Festival Of Voice, Wales Millennium Centre, Cardiff Bay, Tue 12 June
As its name suggests, Cardiff’s Festival Of Voice is a celebration of that most primitive and personal of instruments, so it’s entirely fitting that Cave showcases not one but two unique voices: those of Nick Cave, the creator of the songs, and of Camille O’Sullivan, who is performing them for us this evening. This is no mere tribute act or cheap karaoke, however – on the contrary, the Irish-French chanteuse is a seasoned and sensitive interpreter, approaching Cave’s compositions with reverence and passion but also a fresh perspective that ensures she makes them her own.
From the moment O’Sullivan kicks off with God Is In The House, it’s abundantly clear that tonight will be very special indeed. This might be relatively safe ground for her (she’s performed it before, including on Later… With Jools Holland), a way to settle the nerves. And yet it’s a quite extraordinary song, one that retains its power no matter how many times you hear it. As O’Sullivan has observed, “lyric is king with Cave”, and the words to God Is In The House bear that out: biting, sour, comic, utterly memorable.
A seasoned performer of the work of Jacques Brel and Edith Piaf whose favourite Cave album is 1998’s The Boatman’s Call, O’Sullivan is arguably at her most comfortable (and best) with her renditions of that LP’s hushed, sombre highlights: Are You The One That I’ve Been Waiting For?, the sad, cynical resignation of People Ain’t No Good, the jawdropping Into My Arms. But she also hurls herself wholeheartedly into the furious maelstrom of Jubilee Street and later There She Goes, My Beautiful World and The Mercy Seat, resembling no one quite so much as the artist currently playing elsewhere in the building as part of the same festival, Patti Smith.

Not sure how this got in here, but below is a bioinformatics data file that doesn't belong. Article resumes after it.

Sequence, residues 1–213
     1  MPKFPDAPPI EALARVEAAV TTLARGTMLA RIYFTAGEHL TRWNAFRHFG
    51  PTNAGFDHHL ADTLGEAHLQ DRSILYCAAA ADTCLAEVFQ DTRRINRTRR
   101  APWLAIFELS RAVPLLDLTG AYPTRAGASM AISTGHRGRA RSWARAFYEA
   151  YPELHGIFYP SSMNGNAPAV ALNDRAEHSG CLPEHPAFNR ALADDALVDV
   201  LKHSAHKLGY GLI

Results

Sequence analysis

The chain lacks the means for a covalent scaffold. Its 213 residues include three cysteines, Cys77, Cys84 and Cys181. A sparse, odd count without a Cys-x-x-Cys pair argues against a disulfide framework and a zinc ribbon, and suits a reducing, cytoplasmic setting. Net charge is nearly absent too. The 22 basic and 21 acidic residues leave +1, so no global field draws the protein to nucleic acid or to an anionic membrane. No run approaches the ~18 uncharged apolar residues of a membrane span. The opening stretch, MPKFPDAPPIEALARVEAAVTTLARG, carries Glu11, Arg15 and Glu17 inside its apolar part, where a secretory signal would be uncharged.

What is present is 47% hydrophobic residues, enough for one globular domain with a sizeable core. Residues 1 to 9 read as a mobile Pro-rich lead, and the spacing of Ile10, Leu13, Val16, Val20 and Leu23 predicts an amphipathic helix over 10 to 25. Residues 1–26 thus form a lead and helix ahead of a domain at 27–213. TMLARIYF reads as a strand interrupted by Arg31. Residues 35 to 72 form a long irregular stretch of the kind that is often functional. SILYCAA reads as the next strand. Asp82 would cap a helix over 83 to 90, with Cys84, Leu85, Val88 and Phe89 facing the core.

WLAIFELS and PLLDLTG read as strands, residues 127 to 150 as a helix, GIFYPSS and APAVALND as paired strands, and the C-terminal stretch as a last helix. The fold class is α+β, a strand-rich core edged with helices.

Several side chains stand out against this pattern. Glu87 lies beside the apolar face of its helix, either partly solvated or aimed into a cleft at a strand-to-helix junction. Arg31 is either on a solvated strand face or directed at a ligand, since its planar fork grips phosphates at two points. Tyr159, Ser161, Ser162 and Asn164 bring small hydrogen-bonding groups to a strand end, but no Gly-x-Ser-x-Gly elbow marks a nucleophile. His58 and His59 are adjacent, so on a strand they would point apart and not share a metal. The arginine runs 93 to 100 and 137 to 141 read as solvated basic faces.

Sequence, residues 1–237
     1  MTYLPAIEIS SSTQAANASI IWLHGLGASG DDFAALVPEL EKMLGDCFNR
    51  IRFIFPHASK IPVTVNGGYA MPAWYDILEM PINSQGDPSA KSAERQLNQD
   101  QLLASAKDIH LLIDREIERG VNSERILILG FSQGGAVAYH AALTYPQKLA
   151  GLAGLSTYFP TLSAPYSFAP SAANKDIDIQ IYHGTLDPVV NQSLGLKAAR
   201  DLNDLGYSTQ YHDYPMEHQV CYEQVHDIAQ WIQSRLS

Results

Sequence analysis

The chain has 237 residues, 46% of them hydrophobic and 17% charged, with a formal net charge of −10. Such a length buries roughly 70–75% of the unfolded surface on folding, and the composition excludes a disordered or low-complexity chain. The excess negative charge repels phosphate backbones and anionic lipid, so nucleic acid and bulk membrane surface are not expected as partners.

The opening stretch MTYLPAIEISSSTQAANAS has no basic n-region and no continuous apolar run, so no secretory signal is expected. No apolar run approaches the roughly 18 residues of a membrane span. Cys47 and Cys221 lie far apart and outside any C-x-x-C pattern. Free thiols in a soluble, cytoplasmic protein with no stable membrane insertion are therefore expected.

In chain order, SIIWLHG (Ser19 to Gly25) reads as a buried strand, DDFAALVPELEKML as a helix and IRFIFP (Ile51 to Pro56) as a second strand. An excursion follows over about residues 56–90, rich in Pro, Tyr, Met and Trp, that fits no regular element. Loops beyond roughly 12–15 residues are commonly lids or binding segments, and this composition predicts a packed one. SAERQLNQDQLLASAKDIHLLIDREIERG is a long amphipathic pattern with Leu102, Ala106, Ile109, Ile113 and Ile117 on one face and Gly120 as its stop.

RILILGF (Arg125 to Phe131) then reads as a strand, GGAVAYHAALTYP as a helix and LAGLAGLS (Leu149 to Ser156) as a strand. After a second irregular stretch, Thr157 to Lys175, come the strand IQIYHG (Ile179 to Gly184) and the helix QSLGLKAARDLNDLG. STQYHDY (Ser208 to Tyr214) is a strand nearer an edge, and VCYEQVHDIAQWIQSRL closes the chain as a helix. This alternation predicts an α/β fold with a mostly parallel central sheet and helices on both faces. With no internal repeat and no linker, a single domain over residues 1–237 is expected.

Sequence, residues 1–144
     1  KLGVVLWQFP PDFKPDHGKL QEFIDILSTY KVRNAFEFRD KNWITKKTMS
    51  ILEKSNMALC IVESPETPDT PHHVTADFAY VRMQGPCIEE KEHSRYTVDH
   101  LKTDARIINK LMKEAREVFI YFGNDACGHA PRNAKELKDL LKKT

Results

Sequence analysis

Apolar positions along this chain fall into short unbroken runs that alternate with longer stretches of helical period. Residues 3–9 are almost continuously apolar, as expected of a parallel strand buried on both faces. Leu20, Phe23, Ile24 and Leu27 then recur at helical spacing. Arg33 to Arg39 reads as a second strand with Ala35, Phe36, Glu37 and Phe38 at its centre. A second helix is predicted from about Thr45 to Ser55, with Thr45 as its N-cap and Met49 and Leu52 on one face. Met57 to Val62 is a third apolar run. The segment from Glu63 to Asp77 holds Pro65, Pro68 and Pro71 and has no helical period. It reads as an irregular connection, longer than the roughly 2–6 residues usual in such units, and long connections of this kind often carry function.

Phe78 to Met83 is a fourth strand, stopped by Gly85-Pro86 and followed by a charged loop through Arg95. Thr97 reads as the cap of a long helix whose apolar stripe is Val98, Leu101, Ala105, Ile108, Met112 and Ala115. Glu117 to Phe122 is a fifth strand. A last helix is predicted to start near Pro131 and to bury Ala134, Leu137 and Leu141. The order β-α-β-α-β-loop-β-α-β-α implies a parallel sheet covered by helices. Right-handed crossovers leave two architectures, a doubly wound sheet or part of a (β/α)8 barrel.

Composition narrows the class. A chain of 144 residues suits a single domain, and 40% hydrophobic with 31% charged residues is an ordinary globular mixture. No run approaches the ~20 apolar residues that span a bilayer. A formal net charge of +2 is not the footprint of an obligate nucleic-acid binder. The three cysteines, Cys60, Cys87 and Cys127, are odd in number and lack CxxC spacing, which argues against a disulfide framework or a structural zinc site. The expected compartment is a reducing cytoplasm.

If those more raucous songs don’t offend the delicate sensibilities of the wine-sipping 60-somethings in the audience, then Stagger Lee’s supremely sweary tale of a killing spree probably does. O’Sullivan later declares smilingly “I’m not doing that again” and “I don’t do drugs, but after that, I might start” – but hearing a woman narrate the priapic, violent adventures of the eponymous hero (as well as, for instance, articulating the thoughts of the condemned man in The Mercy Seat) underlines the fact that Cave himself so often adopts voices or creates characters through whom to speak.
This performative, dramatic aspect of Cave’s work is given vivid expression through choreography and lighting that contribute to what is a beautifully realised show. O’Sullivan seems to lose herself in performance: tossing aside her jacket and shoes; stirring or subduing her band with a raised, outstretched hand; rushing to tamper with the keyboard Mark E Smith-style during Red Right Hand – an act of trespass that, she jokes, may spell an end to her friendship with long-term collaborator Feargal Murray.
By the conclusion, though, she’s collaborating with her audience too, as we find ourselves cast in the role of impromptu choir murmuring along to her favourite Cave track, The Ship Song. This one’s “a big hug” after all that’s gone before, she says. Not that we’ve been in any danger of leaving upset, disappointed or in need of consolation.
words BEN WOOLHEAD photos JORGE LIZALDE